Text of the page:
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Houston Breakthrough, Vol. 4, No. 1, December 1978 - January 1979
Page 7
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Houston Breakthrough, Vol. 4, No. 1, December 1978 - January 1979 - Page 7. December 1978 - January 1979. Special Collections, University of Houston Libraries. University of Houston Digital Library. Web. February 21, 2020. https://digital.lib.uh.edu/collection/feminist/item/884/show/863.

Disclaimer: This is a general citation for reference purposes. Please consult the most recent edition of your style manual for the proper formatting of the type of source you are citing. If the date given in the citation does not match the date on the digital item, use the more accurate date below the digital item.

(December 1978 - January 1979). Houston Breakthrough, Vol. 4, No. 1, December 1978 - January 1979 - Page 7. Houston and Texas Feminist and Lesbian Newsletters. Special Collections, University of Houston Libraries. Retrieved from https://digital.lib.uh.edu/collection/feminist/item/884/show/863

Disclaimer: This is a general citation for reference purposes. Please consult the most recent edition of your style manual for the proper formatting of the type of source you are citing. If the date given in the citation does not match the date on the digital item, use the more accurate date below the digital item.

Houston Breakthrough, Vol. 4, No. 1, December 1978 - January 1979 - Page 7, December 1978 - January 1979, Houston and Texas Feminist and Lesbian Newsletters, Special Collections, University of Houston Libraries, accessed February 21, 2020, https://digital.lib.uh.edu/collection/feminist/item/884/show/863.

Disclaimer: This is a general citation for reference purposes. Please consult the most recent edition of your style manual for the proper formatting of the type of source you are citing. If the date given in the citation does not match the date on the digital item, use the more accurate date below the digital item.

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Title Houston Breakthrough, Vol. 4, No. 1, December 1978 - January 1979
Publisher Breakthrough Publishing Co.
Date December 1978 - January 1979
Subject.Topical (LCSH)
  • Women
  • Periodicals
  • Feminism--United States--Periodicals
  • Newsletters
Subject.Geographic (TGN)
  • Houston, Texas
Genre (AAT)
  • periodicals
Language English
Type (DCMI)
  • Text
  • Image
Original Item Location HQ1101 .B74
Original Item URL http://library.uh.edu/record=b2332724~S11
Digital Collection Houston and Texas Feminist and Lesbian Newsletters
Digital Collection URL http://digital.lib.uh.edu/collection/feminist
Repository Special Collections, University of Houston Libraries
Repository URL http://info.lib.uh.edu/about/campus-libraries-collections/special-collections
Use and Reproduction Educational use only, no other permissions given. Copyright to this resource is held by the content creator, author, artist or other entity, and is provided here for educational purposes only. It may not be reproduced or distributed in any format without written permission of the copyright owner. For more information please see UH Digital Library Fair Use policy on the UH Digital Library About page.
File Name index.cpd
Item Description
Title Page 7
Format (IMT)
  • image/jpeg
File Name femin_201109_546ag.jpg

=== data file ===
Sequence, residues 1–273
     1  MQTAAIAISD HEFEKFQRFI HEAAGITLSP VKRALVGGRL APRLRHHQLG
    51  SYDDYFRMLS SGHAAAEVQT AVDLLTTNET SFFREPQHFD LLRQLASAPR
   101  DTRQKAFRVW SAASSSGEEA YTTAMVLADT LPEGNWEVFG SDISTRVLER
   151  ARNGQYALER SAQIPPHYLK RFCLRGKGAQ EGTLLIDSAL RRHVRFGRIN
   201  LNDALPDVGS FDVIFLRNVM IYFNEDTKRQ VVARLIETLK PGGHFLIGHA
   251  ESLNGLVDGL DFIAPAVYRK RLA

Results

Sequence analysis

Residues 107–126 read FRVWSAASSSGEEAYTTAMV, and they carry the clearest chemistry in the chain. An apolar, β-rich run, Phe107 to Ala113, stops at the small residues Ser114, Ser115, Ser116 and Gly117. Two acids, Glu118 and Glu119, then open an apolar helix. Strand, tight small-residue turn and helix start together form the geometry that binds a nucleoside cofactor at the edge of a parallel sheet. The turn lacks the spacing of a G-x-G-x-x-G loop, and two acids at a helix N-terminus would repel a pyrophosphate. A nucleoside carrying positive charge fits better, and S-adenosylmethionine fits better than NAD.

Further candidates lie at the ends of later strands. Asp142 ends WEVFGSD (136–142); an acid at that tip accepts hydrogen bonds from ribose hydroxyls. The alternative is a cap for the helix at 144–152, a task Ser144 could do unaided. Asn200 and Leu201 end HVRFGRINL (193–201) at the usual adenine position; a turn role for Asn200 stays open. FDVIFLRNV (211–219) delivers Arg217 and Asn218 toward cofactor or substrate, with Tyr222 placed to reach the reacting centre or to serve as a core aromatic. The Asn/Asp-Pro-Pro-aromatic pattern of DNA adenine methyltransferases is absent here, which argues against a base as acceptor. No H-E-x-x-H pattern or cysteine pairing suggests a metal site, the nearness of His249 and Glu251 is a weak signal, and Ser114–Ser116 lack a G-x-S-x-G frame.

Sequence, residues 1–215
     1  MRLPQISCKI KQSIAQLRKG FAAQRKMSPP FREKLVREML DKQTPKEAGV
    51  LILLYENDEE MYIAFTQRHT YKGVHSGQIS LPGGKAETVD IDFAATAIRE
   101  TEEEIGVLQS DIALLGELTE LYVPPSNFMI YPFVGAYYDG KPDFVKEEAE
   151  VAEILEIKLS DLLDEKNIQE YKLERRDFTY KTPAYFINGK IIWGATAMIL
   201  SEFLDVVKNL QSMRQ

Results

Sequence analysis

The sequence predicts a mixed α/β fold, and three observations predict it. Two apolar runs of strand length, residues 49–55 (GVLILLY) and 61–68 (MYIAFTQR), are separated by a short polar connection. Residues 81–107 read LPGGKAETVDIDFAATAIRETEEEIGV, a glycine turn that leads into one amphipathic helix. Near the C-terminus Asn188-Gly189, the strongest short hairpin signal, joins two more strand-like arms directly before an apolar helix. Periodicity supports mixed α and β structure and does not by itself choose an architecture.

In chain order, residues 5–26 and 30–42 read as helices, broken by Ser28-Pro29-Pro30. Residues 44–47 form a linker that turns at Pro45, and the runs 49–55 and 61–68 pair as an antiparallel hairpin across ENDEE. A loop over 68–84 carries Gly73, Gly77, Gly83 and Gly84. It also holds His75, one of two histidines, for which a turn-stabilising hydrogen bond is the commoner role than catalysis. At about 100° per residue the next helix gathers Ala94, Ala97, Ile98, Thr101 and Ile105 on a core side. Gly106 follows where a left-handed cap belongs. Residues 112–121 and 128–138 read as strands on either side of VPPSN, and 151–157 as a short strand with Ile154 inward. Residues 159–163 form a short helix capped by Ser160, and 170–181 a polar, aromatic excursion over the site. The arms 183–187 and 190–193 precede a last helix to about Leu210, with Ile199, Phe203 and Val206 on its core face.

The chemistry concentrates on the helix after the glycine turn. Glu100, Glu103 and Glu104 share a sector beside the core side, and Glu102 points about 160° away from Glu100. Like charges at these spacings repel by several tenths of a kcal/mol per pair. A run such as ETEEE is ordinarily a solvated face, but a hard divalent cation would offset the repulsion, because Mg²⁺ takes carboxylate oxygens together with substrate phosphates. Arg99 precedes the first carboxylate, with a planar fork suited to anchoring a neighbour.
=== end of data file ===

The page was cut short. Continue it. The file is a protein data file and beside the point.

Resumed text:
Transcript paper in Texas, the San Antonio Light, where the editorial staff is unionized. As we go to press, we learned of another meeting with the editorial staff, where they were informed that salaries would be brought in line with the Chronicle. Staffers asking for more details were told that would all be worked out later. Which did not sit too well with the skeptics in the group, who were hoping for more concrete evidence of parity with their peers. Can Barbara Walters find happiness as a million-dollar-a-year voyeur? Apparently so, if her latest ABC special is any indication. She interviewed Alan Alda, Diana Ross, Steve Martin and Jordan's Queen Noor. Alda kept his usual dignity in the face of such questions as "You work with so many beautiful women, could you have another relationship?" Alda, happily married for many years, replied, "Just because I work with attractive women doesn't mean I think they're available." Then on to 'girl-talk' with Diana Ross, followed by a light-weight, trick-photography sequence with Steve Martin that I'm sure was supposed to be hilarious, but which fizzled miserably. The final session showed Walters at her worst, where she gushes and fawns over world rulers (remember 'my friend the Shah'?) The fawnee in this case was Queen Noor of Jordan. Walters asked breathlessly "I know I shouldn't ask this question but I'm going to anyway. (Pregnant pause.) You love him (King Hussein) very much, don't you?" Walters used to be a serious, gutsy interviewer. With this special she seems to have crossed over completely from news to entertainment. Mike Wallace, of CBS' 60 Minutes, believes in the confrontation style of interviewing. His accusatory manner often unnerves the subject of the interview and results in the sought-after damaging statements. Good taste is not his forte. But Wallace got his comeuppance last month when he interviewed film director Roman Polanski in France. (Polanski fled this country rather than stand trial on charges he drugged, then had sex with, a 13-year-old girl.) Speaking about Polanski's life with Sharon Tate, murdered by the Manson gang, Wallace asked, "Isn't it true that you were into drugs, wild parties and kinky sex?" Polanski's reply was "People watching this on TV have stopped eating now—you have their attention. My reply will make no difference. They will remember only the question. It's as if you were to ask somebody 'Is it true that you had sex with a zebra in the middle of Trafalgar Square?' He would say 'Of course not! Are you crazy?' but people would remember the question, not the answer." As one viewer wrote in to CBS, "I ended up liking Polanski more and CBS less." Hard times in the magazine world, where the casualty list grows longer every day. New Times has bit the dust, and Horizon has been bought by Antiques Monthly. Viva is no more and High Times is at an all-time low after the suicide of publisher Tom Rofcade. Outside, the Rolling Stone venture, has been sold after losing $2 million in less than two years. TV Guide is hurting from all the free TV books in newspapers, and the December issue of Your Place, McCall's magazine for young adults, was the last. Hustler is in trouble since Larry Flynt found Christianity, and Politicks has folded. Feminist periodicals are faring no better than the rest. The Monthly Extract, a health-oriented paper, has run out, and New York City's feminist bi-weekly Majority Report has ceased publication after seven years. The city government of Stafford, a small town just outside Houston, may be more sophisticated about cable TV than our own. While members of Houston's city council, notably Louis Macey, want ordinances to ban X and R rated movies from cable TV, the mayor of Stafford, Leonard Scarcella, says "I like Walt Disney but I don't want a stead- y diet of it." Speaking to the Stafford city council, he stressed the importance of parental control of TV viewing. Unfortunately, Stafford will not be able to go it alone. As Scarcella admitted, "It sure looks like Houston will control standards for the entire area." President Carter was recently invited by the Mormon Church to accept a "family life" award in Salt Lake City. A spokesperson for the church said it was not an annual award, but purely a media event. He said he thought it "cute" for a born-again Christian to be honored by the Mormons. The Mormons for ERA asked Carter to c/ryrKBASVf&e. THB MAM. NOSTALGIC CLOTHING y&te 452 W. 19th St. (inThe Heights) 868-3052 Open 11-6 Mon-Sat. *& Barthelme-Moore Associates Advertising and Marketing a full-service advertising agency since 1960 Helen Moore Barthelme Odell Pauline Moore 1110 Lovett Blvd., Suite 100 Houston, Texas 77006 713/521-9214 A pre-holiday sale on books and feminist T-shirts Do LA & daughter a feminist store 1623 Westheimer Houston,TX 77006 (713)529-3609 Monday - Friday 5 PM - 9 PM Saturday 10 AM-6 PM hous ov-kol'man n. 1. A woman-owned business specializing in quality graphics and printing. 2. A large red brick house in the heart of Montrose. - adj. Having many and varied features, - v. Producing design, illustration, camera work, printing and bindery. - adv. 1. To increase the client's business manifold. 2. To satisfy the client. House of Coleman 901 West Alabama - Houston 77006 -(713) 523-2521 DECEMBER/JANUARY 1979 HOUSTON BREAKTHROUGH